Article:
Atlantic senior writer Coates (The Beautiful Struggle: A Father, Two Sons, and an Unlikely Road to Manhood, 2008) offers this eloquent memoir as a letter to his teenage son, bearing witness to his own experiences and conveying passionate hopes for his son’s life. “I am wounded,” he writes. “I am marked by old codes, which shielded me in one world and then chained me in the next.” Coates grew up in the tough neighborhood of West Baltimore, beaten into obedience by his father. “I was a capable boy, intelligent and well-liked,” he remembers, “but powerfully afraid.” His life changed dramatically at Howard University, where his father taught and from which several siblings graduated. Howard, he writes, “had always been one of the most critical gathering posts for black people.” He calls it The Mecca, and its faculty and his fellow students expanded his horizons, helping him to understand “that the black world was its own thing, more than a photo-negative of the people who believe they are white.” Coates refers repeatedly to whites’ insistence on their exclusive racial identity; he realizes now “that nothing so essentialist as race” divides people, but rather “the actual injury done by people intent on naming us, intent on believing that what they have named matters more than anything we could ever actually do.” After he married, the author’s world widened again in New York, and later in Paris, where he finally felt extricated from white America’s exploitative, consumerist dreams. He came to understand that “race” does not fully explain “the breach between the world and me,” yet race exerts a crucial force, and young blacks like his son are vulnerable and endangered by “majoritarian bandits.” Coates desperately wants his son to be able to live “apart from fear—even apart from me.”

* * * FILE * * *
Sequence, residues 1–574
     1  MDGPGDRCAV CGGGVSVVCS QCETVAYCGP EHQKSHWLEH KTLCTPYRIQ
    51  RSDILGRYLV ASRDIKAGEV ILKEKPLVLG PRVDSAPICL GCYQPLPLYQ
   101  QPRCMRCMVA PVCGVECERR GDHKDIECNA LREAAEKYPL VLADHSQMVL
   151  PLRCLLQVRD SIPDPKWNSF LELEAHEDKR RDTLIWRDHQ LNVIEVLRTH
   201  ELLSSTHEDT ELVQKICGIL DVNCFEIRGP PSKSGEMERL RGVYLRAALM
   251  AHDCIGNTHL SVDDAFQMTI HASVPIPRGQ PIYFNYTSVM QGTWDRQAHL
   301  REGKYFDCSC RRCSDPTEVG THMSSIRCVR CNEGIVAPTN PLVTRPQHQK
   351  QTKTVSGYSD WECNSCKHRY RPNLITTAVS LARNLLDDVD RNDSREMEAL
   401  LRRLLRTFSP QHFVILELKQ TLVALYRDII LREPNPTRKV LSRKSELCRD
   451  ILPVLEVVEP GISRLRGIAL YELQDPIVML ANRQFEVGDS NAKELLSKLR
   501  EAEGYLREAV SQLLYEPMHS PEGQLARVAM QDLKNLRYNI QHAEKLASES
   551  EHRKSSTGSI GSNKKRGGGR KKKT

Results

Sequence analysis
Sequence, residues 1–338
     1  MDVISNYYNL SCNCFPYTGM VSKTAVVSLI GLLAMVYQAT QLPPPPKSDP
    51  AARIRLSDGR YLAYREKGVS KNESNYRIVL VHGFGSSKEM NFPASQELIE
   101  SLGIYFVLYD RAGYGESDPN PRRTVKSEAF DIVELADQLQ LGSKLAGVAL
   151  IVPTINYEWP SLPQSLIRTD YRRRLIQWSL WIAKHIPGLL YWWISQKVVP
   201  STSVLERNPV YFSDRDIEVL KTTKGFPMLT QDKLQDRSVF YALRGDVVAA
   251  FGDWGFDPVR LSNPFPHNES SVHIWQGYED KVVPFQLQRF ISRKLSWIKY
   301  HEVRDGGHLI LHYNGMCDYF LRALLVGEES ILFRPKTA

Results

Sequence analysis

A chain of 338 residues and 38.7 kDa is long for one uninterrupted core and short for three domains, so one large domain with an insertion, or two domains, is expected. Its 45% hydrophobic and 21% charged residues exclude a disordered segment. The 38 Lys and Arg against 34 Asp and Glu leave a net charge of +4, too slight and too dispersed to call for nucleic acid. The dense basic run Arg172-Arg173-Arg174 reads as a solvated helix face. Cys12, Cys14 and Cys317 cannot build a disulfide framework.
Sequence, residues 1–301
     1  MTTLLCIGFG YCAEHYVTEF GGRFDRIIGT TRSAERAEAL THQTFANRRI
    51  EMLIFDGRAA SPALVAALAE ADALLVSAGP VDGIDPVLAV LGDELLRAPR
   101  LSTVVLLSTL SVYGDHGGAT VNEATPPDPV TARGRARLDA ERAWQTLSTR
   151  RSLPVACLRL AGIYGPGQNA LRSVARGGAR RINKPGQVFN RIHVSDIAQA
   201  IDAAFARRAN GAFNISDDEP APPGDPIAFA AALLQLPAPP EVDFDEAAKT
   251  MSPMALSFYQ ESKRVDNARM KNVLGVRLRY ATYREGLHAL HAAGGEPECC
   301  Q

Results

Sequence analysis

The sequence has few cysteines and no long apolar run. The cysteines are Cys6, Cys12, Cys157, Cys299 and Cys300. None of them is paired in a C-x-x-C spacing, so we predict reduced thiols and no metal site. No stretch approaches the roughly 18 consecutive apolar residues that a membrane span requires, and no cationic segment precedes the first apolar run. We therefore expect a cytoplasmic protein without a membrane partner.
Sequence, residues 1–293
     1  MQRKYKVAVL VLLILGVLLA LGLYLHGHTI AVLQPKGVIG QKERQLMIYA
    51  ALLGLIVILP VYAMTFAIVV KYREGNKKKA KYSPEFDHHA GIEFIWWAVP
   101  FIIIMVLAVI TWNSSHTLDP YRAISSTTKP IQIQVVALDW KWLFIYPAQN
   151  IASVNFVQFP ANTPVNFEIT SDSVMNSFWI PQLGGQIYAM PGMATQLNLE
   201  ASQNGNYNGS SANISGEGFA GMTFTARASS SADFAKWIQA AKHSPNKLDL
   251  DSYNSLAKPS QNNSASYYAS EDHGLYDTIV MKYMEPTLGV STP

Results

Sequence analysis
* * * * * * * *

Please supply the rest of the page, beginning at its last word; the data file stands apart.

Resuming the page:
This moving, potent testament might have been titled “Black Lives Matter.” Or: “An American Tragedy.”

Pub Date: July 8, 2015

ISBN: 978-0-8129-9354-7

Page Count: 176

Publisher: Spiegel & Grau

Review Posted Online: May 6, 2015

Kirkus Reviews Issue: July 1, 2015